Examination of Witness (Questions 440-459)|
QC AND MS
WEDNESDAY 14 NOVEMBER 2001
440. That is a good question. This is a somewhat
artificial distinction because some squares will have elements
of paving and greenery.
(Ms Keeble) To an extent.
441. Let me give you an example. Outside is
Parliament Square. What does that count as? Pavement round, grass
in the middle and then some sort of hard area with the statues
(Ms Keeble) I would call that a green space.
442. Does your document?
(Ms Keeble) Obviously there is an element of interpretation.
However, I would not include within this general paved areas,
pavements, home zones, because those are not the areas which by
and large require protection under the planning system because
they are roads and pavements.
443. So Parliament Square would be in but Trafalgar
Square would be out?
(Ms Keeble) What we are not talking about, for example,
is whether or not you turn Piccadilly Circus back to a roundabout.
Those are not the issues. This is about creating open space that
people can use for a variety of formal and informal recreation
and leisure purposes. The Task Force has been looking at definitions
of green spaces and those include some quite difficult areas that
again people might not automatically think would be included,
like on cemeteries which are sometimes used now for some recreational
purposes, and wildlife areas and nature areas within towns and
areas such as that. But it would not generally include areas which
you would regard as streets and roadways.
444. Excluding streets and roadways you still
said that there will be issues of interpretation and within the
planning law that is the one thing planners will seek to avoid,
that hard edge decisions are made which sometimes have legal consequences.
Is it rather strange to have a PPG that is going to need a measure
(Ms Keeble) It is a draft PPG and, as I said, there
are some conflicts already in the different definitions included.
There is a different one at the bottom of the introduction from
what there is a bit higher up so the definitions are obviously
something that we will have to clarify.
445. I am sorry to interrupt, but you moving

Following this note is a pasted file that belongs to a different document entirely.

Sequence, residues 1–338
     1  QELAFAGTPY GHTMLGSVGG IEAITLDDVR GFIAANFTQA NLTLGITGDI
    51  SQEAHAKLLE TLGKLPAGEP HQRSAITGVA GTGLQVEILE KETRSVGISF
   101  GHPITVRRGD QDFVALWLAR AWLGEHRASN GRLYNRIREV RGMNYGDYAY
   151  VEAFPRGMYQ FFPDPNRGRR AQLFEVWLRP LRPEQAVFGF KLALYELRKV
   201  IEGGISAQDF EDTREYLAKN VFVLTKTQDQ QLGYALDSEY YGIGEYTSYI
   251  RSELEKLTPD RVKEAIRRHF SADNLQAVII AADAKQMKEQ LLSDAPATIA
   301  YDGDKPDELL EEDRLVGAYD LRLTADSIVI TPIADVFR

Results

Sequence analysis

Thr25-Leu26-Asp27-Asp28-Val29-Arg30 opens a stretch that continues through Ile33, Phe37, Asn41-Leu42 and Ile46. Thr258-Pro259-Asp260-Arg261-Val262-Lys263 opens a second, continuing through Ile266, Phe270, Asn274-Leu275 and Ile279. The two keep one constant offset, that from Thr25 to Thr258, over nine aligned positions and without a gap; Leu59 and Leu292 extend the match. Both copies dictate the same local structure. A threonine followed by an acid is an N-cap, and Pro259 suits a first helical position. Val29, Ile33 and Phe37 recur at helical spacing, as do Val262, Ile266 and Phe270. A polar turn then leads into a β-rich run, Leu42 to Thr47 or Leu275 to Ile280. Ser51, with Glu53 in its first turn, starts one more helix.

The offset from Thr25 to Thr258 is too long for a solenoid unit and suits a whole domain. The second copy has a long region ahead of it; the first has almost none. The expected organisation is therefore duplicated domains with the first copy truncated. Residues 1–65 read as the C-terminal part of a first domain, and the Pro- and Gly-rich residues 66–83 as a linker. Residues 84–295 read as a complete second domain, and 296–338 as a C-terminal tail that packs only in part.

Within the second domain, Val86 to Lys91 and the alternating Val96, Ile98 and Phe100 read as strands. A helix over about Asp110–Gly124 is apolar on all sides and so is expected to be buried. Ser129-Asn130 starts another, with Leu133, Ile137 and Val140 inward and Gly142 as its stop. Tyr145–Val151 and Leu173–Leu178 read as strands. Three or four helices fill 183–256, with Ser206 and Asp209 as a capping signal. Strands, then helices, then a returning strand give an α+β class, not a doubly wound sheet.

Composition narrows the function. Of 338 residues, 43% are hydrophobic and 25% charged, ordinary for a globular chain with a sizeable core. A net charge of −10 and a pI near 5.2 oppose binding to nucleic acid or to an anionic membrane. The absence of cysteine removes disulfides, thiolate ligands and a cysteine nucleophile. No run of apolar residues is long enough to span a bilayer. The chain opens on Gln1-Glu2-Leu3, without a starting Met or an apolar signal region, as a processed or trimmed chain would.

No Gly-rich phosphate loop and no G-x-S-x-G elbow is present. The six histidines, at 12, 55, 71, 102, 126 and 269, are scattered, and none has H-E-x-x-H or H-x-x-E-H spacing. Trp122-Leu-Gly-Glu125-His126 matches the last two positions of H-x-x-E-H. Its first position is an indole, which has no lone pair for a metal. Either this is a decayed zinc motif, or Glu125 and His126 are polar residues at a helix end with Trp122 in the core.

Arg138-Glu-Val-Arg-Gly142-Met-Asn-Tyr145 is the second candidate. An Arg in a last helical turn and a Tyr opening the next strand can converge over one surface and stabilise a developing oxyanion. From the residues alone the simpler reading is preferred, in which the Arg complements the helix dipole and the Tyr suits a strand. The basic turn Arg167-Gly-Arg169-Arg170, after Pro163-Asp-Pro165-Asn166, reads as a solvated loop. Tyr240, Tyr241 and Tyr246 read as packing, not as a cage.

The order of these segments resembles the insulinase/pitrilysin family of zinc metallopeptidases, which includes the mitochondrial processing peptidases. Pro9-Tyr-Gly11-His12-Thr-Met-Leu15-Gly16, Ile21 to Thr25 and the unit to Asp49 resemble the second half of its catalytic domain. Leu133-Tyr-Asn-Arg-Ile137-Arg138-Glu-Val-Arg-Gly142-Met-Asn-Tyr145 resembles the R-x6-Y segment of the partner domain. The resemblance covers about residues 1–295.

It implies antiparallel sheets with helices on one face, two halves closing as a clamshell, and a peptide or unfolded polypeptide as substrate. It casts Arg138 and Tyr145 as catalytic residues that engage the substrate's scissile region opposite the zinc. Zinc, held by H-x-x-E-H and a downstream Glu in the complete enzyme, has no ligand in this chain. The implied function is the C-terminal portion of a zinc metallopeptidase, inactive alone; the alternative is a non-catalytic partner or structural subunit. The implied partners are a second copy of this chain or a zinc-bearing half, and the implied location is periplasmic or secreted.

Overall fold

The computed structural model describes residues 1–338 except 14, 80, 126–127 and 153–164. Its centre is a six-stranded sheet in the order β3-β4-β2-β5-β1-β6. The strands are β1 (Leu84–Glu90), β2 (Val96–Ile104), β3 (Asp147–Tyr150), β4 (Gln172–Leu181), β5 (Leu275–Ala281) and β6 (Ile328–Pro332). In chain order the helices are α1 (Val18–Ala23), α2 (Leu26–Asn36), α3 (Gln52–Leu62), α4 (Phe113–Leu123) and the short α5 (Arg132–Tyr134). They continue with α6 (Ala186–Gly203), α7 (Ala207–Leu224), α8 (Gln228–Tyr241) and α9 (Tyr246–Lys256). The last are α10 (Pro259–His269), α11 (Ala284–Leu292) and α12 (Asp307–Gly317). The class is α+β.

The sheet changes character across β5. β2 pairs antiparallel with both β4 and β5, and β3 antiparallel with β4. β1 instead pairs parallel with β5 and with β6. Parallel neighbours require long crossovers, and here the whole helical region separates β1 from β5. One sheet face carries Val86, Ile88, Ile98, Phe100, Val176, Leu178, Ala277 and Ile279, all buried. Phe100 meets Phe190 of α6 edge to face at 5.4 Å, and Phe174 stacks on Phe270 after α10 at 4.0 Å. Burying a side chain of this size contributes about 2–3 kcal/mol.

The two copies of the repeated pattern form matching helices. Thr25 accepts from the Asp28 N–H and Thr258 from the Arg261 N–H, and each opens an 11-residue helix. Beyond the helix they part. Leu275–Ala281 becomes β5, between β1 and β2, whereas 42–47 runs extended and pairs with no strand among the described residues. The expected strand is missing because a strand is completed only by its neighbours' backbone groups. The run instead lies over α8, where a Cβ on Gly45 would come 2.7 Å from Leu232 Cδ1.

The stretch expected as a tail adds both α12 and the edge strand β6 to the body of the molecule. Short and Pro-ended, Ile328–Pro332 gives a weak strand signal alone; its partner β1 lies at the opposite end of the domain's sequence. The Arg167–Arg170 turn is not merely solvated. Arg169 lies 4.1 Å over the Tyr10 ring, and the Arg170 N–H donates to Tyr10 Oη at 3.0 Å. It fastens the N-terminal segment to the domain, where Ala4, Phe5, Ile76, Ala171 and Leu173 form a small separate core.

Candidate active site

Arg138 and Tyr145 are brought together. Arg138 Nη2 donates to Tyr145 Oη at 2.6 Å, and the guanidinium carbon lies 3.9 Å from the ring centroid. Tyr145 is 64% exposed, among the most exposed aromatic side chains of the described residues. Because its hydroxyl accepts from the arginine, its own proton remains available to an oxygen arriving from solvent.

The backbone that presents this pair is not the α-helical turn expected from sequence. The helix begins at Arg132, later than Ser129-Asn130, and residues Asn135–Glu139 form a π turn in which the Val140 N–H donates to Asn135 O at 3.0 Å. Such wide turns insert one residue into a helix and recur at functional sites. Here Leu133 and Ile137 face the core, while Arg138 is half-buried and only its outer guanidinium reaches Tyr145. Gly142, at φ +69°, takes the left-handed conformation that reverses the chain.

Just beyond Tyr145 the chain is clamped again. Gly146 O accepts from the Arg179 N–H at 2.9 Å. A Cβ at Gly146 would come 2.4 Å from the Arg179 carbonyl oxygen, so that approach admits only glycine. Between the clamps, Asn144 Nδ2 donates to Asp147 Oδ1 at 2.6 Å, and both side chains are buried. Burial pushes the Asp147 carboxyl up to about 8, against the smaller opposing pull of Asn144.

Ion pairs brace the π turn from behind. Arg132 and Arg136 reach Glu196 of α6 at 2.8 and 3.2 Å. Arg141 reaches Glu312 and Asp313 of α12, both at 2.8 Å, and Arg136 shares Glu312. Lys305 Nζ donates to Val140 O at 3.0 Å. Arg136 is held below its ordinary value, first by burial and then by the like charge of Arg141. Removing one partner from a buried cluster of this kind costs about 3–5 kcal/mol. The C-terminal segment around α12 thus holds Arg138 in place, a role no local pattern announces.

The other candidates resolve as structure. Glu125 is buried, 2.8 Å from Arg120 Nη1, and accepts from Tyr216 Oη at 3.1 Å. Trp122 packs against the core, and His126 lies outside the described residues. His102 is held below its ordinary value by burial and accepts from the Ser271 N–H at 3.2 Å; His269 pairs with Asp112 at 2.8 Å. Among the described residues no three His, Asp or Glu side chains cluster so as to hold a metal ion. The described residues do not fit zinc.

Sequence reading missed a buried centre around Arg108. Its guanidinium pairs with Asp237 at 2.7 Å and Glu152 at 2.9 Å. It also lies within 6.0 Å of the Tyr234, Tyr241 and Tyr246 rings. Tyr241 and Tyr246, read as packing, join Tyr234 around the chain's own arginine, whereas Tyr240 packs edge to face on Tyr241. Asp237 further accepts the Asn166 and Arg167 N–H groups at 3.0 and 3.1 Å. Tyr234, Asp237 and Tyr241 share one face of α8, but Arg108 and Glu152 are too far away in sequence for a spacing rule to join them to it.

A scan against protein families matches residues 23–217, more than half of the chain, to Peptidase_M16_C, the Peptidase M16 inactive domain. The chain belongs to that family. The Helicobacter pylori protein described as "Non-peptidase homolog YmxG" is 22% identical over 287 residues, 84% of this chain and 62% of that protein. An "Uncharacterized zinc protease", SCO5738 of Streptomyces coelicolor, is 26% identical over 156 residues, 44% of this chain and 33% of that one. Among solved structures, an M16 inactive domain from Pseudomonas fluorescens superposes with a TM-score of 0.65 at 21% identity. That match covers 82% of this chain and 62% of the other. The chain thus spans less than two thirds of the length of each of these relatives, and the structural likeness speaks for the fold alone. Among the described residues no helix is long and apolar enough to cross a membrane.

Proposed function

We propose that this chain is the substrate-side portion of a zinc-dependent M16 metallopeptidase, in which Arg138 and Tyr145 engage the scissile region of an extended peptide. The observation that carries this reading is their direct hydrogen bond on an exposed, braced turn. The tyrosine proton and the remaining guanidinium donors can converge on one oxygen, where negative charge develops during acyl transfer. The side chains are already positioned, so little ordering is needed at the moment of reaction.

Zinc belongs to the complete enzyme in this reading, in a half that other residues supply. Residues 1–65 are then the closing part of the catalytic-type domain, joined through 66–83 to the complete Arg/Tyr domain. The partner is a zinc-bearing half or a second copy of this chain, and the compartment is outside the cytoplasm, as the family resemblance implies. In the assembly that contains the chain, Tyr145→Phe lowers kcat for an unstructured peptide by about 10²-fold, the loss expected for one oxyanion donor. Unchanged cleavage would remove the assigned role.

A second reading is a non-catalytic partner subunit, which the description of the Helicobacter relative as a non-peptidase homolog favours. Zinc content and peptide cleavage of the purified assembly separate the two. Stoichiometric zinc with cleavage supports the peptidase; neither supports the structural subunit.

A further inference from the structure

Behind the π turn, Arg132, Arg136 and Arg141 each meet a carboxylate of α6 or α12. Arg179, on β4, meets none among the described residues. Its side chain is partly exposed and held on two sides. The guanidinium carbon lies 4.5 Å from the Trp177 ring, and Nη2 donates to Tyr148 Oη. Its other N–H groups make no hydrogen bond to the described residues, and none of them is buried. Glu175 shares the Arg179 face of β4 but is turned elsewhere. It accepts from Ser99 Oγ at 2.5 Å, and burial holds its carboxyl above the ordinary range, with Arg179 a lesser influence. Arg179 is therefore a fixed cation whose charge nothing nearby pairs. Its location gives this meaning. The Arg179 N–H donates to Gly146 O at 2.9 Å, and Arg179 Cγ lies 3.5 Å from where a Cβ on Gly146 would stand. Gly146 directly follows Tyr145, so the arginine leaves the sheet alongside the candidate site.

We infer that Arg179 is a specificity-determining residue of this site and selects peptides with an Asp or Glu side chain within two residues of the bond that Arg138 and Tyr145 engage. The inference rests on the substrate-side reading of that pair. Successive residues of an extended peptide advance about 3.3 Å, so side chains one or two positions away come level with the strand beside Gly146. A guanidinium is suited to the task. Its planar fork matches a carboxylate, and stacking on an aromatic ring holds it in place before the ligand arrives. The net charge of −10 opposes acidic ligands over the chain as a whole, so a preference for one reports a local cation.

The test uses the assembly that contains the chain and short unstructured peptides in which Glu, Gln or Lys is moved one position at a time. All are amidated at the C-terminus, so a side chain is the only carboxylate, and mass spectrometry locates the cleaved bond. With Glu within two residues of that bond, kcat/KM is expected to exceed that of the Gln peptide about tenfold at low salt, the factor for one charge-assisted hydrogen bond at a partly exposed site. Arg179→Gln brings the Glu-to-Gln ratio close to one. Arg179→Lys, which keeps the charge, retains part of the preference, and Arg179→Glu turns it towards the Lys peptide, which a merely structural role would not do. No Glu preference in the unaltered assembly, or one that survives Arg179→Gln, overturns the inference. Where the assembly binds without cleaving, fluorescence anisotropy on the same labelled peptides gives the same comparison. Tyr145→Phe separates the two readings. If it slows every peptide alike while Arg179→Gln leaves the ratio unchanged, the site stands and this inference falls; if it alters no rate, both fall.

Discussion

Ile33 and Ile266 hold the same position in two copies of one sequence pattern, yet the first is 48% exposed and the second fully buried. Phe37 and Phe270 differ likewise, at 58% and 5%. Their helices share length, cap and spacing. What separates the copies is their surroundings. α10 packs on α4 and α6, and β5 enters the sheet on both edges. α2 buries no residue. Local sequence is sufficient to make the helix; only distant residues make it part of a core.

your eyebrows up and down, Lord Falconer, does not really go on
to the record.
(Lord Falconer of Thoroton) I was doing that by reference
to the fact that what Sally is saying is reflecting what has been
said all along, that this document needs tightening up and what
Mr Pugh is saying about it being a bad idea in a planning document
to end up with a legal minefield and debating precisely what the
boundaries of the definition are is absolutely right. I hope I
reflected that in my opening statement in saying in effect that
this document does need some clarification.
Chairman: I am just keen to get your eyebrows
on the record.
446. Could I move on to another specific criticism
which has been voiced here? One is that open space means green
space but more narrowly that open space primarily is thought in
terms of sport and recreational areas, too much emphasis on that,
too little on the other incidental open spaces.
(Ms Keeble) It is certainly the case that there are
types of green spaces that have a much stronger lobby about them
and I think the well established traditional parks and sporting
facilities have a much stronger protection than some of the smaller
informal areas which are highly valued by the community, well
used and need to be protected and developed. Those are some of
the issues that the Task Force is looking at.
447. You would accept that the PPG should not
be a function of the strength of the lobbying groups?
(Ms Keeble) Absolutely not. If you are talking specifically
about the PPG the sporting lobby is also critical of the PPG and